The government has been very busy in the past few months, launching several new strategy documents to set out its plans and ideas for achieving Net Zero by 2050.
With the Ten Point Plan, Heat in Buildings Strategy and Future Buildings Standard, it’s easy to miss some important proposals.
One government commitment that seems to have slipped under the radar is the introduction of mandatory in-use performance ratings for non-domestic buildings.
It’s mentioned in the Future Buildings Standard (Section 3.3.8 if you missed it).
The road to a B rating will be challenging for most building owners
Mind the gap
The aim is to tackle what the Standard refers to as the ‘performance gap’.
Most engineers are familiar with this phrase, which refers to the difference between a building’s energy performance at the design stage compared to how it performs after occupation.
That gap can be wide, and results in higher energy use for building owners and occupants, as well as higher carbon emissions relating to the energy production.
The government is consulting on how to close that gap with the introduction of higher standards on in-use energy performance.
It aims to set out a pathway all the way to 2030. Currently, private rented commercial properties must have an Energy Performance Certificate (EPC) of at least an E on construction, sale or lease.
This is known as the Minimum Energy Efficiency Standard (MEES) regulation.
A serious business for business
The government’s preferred track is to raise that minimum to a B rating by 2030.
Although we are only at the consultation phase, property owners are taking this seriously. LandSec recently announced that it is going to invest £135 million to reduce the carbon footprint of its building stock – in part, to stay ahead of that EPC B requirement.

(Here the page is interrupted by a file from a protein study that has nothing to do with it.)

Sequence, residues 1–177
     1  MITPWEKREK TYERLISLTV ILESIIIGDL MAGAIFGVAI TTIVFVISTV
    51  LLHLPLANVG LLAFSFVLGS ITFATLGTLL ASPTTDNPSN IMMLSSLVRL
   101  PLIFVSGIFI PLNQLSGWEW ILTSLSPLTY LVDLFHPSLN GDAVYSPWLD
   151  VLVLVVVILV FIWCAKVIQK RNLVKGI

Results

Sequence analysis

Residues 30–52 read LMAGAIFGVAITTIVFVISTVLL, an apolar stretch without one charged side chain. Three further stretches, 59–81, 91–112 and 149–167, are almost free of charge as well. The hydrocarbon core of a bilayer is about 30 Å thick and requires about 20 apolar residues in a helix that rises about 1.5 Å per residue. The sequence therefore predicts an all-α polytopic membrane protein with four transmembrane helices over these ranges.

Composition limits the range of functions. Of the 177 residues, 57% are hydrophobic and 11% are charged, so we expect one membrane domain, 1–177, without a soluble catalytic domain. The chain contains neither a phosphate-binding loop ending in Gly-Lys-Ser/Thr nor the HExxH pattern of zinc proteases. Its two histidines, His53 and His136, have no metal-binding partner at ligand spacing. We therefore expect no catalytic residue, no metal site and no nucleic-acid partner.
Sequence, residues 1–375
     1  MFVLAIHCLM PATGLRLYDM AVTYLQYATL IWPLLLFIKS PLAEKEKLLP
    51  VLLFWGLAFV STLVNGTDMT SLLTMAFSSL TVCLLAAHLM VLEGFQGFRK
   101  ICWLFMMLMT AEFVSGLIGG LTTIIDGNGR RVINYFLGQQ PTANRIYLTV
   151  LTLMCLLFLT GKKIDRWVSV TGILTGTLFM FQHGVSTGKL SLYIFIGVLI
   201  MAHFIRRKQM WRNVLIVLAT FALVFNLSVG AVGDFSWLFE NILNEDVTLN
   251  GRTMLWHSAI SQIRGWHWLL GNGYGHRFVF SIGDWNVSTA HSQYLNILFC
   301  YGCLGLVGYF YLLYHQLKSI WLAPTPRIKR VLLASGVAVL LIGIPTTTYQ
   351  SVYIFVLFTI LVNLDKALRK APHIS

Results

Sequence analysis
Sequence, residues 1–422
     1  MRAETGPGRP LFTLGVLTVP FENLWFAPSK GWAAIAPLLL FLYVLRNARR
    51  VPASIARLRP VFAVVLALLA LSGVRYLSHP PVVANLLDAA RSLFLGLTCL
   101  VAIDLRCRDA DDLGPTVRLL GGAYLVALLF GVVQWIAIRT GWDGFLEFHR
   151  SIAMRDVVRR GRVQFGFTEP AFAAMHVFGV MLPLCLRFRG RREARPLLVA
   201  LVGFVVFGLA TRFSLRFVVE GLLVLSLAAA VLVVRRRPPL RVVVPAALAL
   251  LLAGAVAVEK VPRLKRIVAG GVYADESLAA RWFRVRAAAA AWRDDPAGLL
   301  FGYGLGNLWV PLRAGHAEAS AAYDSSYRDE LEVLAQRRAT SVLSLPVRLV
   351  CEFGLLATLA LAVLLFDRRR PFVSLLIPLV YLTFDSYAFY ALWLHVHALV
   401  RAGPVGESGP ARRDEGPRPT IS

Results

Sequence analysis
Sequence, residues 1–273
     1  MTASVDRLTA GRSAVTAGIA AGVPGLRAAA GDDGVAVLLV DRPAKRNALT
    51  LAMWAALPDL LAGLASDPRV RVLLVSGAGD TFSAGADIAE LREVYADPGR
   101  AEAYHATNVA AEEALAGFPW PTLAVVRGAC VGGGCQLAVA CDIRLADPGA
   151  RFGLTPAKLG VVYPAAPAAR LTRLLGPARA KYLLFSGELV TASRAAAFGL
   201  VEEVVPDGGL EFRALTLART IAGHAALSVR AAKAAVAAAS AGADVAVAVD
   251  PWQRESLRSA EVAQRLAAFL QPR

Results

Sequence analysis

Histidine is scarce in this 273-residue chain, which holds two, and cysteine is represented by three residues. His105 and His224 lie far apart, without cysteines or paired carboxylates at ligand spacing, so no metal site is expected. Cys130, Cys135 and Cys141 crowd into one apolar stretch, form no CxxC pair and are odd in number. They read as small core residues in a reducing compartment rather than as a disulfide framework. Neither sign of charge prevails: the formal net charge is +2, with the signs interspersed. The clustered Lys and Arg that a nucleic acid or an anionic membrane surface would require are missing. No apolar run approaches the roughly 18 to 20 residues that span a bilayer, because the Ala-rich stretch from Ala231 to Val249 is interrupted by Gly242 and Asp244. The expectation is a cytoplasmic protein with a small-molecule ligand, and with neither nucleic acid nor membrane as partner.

For most businesses, government figures show that 67% of energy consumption Is used to provide heating, ventilation, cooling, hot water and lighting.
There is little variation in those figures across business types. This means that it’s vital not only to design building services systems to be energy efficiency, but also to keep them operating that way for the life of the building.
Service and maintenance are key to keeping equipment such as chillers at optimum efficiency.
The road to a B rating will be challenging for most building owners but setting out a robust service plan for energy-using equipment will be an important early step.
Help is on hand
At Mitsubishi Electric, our service and maintenance experts are already helping clients to examine and monitor the energy use of HVAC systems.
Our remote monitoring services can track equipment performance continuously – spotting irregularities in performance quickly with data analysis tools.
Modern building services equipment such as chillers is designed and built to last, but it needs regular service and maintenance to do so. Left to its own devices, equipment will start to struggle.
Even if it does not develop faults, it can start to use more energy and cost more to run. Service and maintenance experts can prevent this, keeping your building energy use on track and retaining the value of your investment in equipment.
As government targets building energy use with higher standards, it is good to work with a service and maintenance team that understands the challenge and can work with you to ensure your property assets retain their value.
Brian Beetson is National Sales Manager – Service & Maintenance